Dances with Wolves (1990) Poster


Add to FAQ
Showing all 7 items
Jump to:


  • Major Fambrough the senior officer, throughout the entire scene, demonstrates his lack of sanity. In the next scene just before he commits suicide, he again speaks with another officer as if he was one of his royal subjects. It's assumed that because he is the "king", nobody can stop him from doing what he wants. He is saying to Dunbar, I am totally in charge of you. I can even piss in my pants and you or nobody else can do anything about it. It shows the effect of having to live on the frontier, as it would generally have been the incompetent or the more lowly officers who would have been "exiled" to frontier posts rather than have them in a more active duty, and the loneliness and distance from what they would consider civilization eventually drove them mad. This is reinforced by the abandonment of Sedgwick by its previous occupants and their bizarre behaviour, the killing of the deer, using them to poison the pond, and the fact that they were living in caves rather than the fort itself, and also the questioning of Dunbar as to why he volunteered for the duty when he was a decorated Lieutenant. Edit

  • The US army was in a "soft war" with the natives. They weren't sending many troops, because they were also on the called civil war, but they had these outposts to make their presence known. Also, as depicted in the movie, they used to send infrequent armies to fight the natives to retrieve stolen goods and hostages.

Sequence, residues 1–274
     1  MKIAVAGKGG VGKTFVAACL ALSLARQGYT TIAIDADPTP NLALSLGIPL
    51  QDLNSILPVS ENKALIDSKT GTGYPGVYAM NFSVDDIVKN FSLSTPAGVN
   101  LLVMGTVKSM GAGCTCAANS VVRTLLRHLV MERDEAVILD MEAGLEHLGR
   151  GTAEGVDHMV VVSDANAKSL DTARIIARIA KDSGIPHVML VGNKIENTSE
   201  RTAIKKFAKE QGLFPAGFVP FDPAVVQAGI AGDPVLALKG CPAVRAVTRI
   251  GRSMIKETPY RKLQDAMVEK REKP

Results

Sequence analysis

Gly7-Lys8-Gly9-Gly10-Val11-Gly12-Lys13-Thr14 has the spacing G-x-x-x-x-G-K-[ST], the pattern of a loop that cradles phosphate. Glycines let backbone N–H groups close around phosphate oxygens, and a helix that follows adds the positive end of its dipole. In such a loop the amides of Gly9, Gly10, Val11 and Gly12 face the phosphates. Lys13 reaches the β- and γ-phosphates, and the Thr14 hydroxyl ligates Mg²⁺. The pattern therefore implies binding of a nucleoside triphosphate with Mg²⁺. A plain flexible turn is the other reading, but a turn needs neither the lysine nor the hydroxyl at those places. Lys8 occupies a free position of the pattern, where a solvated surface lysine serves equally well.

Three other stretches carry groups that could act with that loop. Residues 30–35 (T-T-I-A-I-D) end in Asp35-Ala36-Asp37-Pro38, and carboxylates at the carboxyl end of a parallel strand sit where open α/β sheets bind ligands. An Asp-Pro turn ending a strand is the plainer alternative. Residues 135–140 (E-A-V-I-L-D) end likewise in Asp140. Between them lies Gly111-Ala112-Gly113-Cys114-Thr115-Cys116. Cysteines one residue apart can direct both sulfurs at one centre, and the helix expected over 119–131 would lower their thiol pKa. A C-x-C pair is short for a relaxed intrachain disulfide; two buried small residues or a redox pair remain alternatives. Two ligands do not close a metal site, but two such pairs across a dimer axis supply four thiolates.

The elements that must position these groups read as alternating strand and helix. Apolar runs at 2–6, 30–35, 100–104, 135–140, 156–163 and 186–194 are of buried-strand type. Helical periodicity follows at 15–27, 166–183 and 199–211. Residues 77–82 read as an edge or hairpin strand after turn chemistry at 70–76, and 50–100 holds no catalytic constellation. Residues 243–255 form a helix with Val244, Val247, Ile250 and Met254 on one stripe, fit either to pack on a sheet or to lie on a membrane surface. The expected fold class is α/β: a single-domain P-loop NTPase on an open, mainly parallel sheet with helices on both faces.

When Lt. Dunbar leaves his post and joins the Sioux, he's seen as a traitor. His rescue and killing of all guards would obviously be seen as an unforgettable taunt and a real threat.

    Among this real reason to send an even bigger army to fight them, this would also be the opportunity needed for anybody wanting to actively fight the natives, or wanting to lead an army and increase in ranks.

    Kowing all that, Dunbar decided to leave the tribe, surrender, and use that to talk about a truce and how good people the natives are, to anybody that would listen to it. In this action, he both removes the motivation to raid them, and creates the chance to make european people learn about them.

    Stands with a Fist, as his wife, goes with him. It's not depicted if she had second thoughts but surely she wasn't forced to go. Edit

  • The men were in caves because he had provided no (or totally inadequate) leadership after having been abandoned/forgotten by the Army and because they no longer felt safe in the fort, fearing Indian attacks at any time. Edit

  • All in all, the Extended Version offers changes at 64 points of the movie (compared to the theatrical version). The most common change is the insertion of new scenes or the extension of scenes that were already included in the theatrical version. However, there are also a lot of title cards and alterations regarding the arrangement of scenes. In total more than 50 minutes of new footage have been added. Edit



The FAQ items below may give away important plot points.

See also

Awards | User Reviews | User Ratings | External Reviews | Metacritic Reviews

Recently Viewed